Why Cybercriminals are after your Smartphone (edited – originally posted by Kayla Mathews)


1 – Researchers have found many cheaper phones already infected with malware before you even get them. This provides a bridge for hackers later on.

2 – To ease drop on your calls. People use their phones to speak to loved ones, discuss business plans, talk about their travels—all manner of personal, intimate content. So, it’s not surprising that criminals would want to break in and listen, whether to case a target or simply for voyeuristic pleasure. But how do they do it?

 3 – Steal your money Ransomware doesn’t only affect computers. There’s a recent trend of mobile ransomware, which often originates from malicious, third-party apps promised to optimize the Android system but actually tricked people into transferring money from their PayPal accounts. The login process was legitimate, so it wasn’t a phishing attempt. However, once people logged in, a Trojan automated the PayPal transfer.

 4 – To blackmail people. The crime of blackmail isn’t new, but threat actors recognize that the small computer in people’s pockets and purses likely has more personal information stored in it than a desktop or laptop. And they are able to first cut people off from accessing their phones before then threatening to leak the information they find.

5 – To damage your phone. Hackers feel they’ve accomplished a goal by causing chaos for victims. One way to do that is to make the phone overheat and ultimately ruin it. Security researchers warned that hackers could break into a phone’s processor and use it for mining cryptocurrency. In addition to making the phone slow down, it can also cause the phone to get too hot or even blow up!

6 – To threaten national security. Countless analysts have chimed in to say that government officials alleged use of insecure mobile devices could help foreign adversaries glean information about the United States that could threaten the nation or at least give information about the country’s intended actions. Imagine if someone broke into a high-ranking politician’s twitter account and began sending threatening messages or eavesdropping on conversations.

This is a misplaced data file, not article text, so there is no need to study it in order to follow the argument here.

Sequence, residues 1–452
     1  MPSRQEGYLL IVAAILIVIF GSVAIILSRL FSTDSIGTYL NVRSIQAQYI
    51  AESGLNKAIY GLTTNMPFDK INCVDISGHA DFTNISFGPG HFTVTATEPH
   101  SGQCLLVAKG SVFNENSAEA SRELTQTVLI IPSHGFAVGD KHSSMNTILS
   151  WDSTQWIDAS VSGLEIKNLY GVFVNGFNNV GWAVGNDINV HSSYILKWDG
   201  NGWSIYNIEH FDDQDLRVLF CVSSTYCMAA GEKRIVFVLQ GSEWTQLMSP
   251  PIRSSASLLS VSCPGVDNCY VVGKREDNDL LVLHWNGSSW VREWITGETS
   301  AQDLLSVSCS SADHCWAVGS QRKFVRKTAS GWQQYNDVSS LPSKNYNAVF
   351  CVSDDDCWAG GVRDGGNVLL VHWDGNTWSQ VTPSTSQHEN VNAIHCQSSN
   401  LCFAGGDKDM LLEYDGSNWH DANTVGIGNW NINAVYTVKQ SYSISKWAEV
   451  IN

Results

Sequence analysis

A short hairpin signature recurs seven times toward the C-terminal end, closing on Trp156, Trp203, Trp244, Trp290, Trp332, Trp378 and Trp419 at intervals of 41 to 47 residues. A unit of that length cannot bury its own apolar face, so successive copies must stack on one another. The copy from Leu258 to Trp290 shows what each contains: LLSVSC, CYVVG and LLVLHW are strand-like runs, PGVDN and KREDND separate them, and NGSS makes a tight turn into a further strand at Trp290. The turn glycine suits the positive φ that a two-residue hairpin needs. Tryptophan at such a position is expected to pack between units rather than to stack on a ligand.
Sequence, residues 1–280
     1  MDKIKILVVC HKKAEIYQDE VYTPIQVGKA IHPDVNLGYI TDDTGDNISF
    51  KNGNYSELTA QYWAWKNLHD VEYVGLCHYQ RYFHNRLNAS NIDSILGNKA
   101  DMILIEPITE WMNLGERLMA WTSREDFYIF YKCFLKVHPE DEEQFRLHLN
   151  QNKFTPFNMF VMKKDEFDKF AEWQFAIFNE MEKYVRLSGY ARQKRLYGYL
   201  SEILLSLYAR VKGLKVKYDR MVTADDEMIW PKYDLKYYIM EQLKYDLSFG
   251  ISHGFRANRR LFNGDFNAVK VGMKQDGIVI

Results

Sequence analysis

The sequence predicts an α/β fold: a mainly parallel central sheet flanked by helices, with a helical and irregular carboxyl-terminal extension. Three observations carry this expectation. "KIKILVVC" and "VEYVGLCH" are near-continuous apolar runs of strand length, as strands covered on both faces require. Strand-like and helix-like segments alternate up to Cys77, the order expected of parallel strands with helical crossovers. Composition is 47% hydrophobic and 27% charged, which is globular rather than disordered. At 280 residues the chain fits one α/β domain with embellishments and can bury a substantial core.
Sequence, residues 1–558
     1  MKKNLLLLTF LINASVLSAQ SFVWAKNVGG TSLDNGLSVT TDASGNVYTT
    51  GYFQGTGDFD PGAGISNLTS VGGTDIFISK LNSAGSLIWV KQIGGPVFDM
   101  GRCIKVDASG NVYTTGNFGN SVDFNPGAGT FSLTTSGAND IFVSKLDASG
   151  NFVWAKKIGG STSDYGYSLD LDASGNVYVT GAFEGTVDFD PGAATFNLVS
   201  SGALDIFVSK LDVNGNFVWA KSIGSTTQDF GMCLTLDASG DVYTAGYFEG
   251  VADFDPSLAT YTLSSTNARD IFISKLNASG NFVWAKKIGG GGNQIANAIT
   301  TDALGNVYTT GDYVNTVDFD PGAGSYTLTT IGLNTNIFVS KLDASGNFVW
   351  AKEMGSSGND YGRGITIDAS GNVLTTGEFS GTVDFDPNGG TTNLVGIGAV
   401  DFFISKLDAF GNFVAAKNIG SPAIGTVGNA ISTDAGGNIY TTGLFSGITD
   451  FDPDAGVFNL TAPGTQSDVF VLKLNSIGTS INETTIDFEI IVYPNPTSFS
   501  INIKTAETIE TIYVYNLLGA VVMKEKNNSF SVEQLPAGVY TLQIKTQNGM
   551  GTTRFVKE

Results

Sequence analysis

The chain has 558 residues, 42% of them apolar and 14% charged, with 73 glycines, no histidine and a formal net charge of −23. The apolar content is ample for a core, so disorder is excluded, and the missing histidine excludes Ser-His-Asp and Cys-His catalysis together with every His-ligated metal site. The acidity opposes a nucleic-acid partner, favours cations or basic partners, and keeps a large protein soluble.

7 – Just for fun. Hackers get a thrill by successfully pulling off their attacks. Hacking is a source of entertainment for them, as well as an ego boost.

8 – To get payment information. E-wallets, which store payment information inside smartphone apps so people don’t have to carry real credit or debit cards, are convenient. However, their rising popularity has given hackers another reason to target phones.

9 – Because so many people use one. Since hackers want their attacks to have significant payoffs, they know they can up their chances of having a major impact by targeting smartphones. Information published by the Pew Research Center shows 95 percent of Americans own smartphones.

10 – Because its an easy target. Research shows that mobile apps have rampant security problems. This gives criminals ample opportunity to infiltrate insecure apps rather than the phones themselves.


How to Stay Protected.

One easy way to protect against attacks is to avoid third-party app stores and only download content from the phone’s legitimate app stores, such as Google Play or iTunes..

It’s also smart to keep tabs on phone statistics, such as battery life and the number of running apps. If those deviate too much from the norm, that’s a sign that hackers may be up to no good in the background.

Running a mobile antivirus scan at least monthly, or installing an always-on cybersecurity program is another good strategy. (I recommend Malwarebytes for both Android and IOS)

Instead of being overeager to download new apps, people should ideally exercise caution and only do so if numerous sources of feedback indicate they are free from major security flaws.

Besides these more specific tips, it’s essential for people to be highly aware of how they interact with their phones. For example, strange pop-ups or redirects in a phone’s browser, or random icons appearing without having downloaded a new app could indicate problems, and individuals should not assume that everything’s okay.

Remember, your phone gets software updates too. So, check for them. There is typically a “Check for updates” somewhere in the settings of your smartphone.

[i]  Kayla Mathews  – Tech journalist covering AI, the IoT, and cybersecurity)


Posted in Safe Computing Tips.

Leave a Reply

Your email address will not be published. Required fields are marked *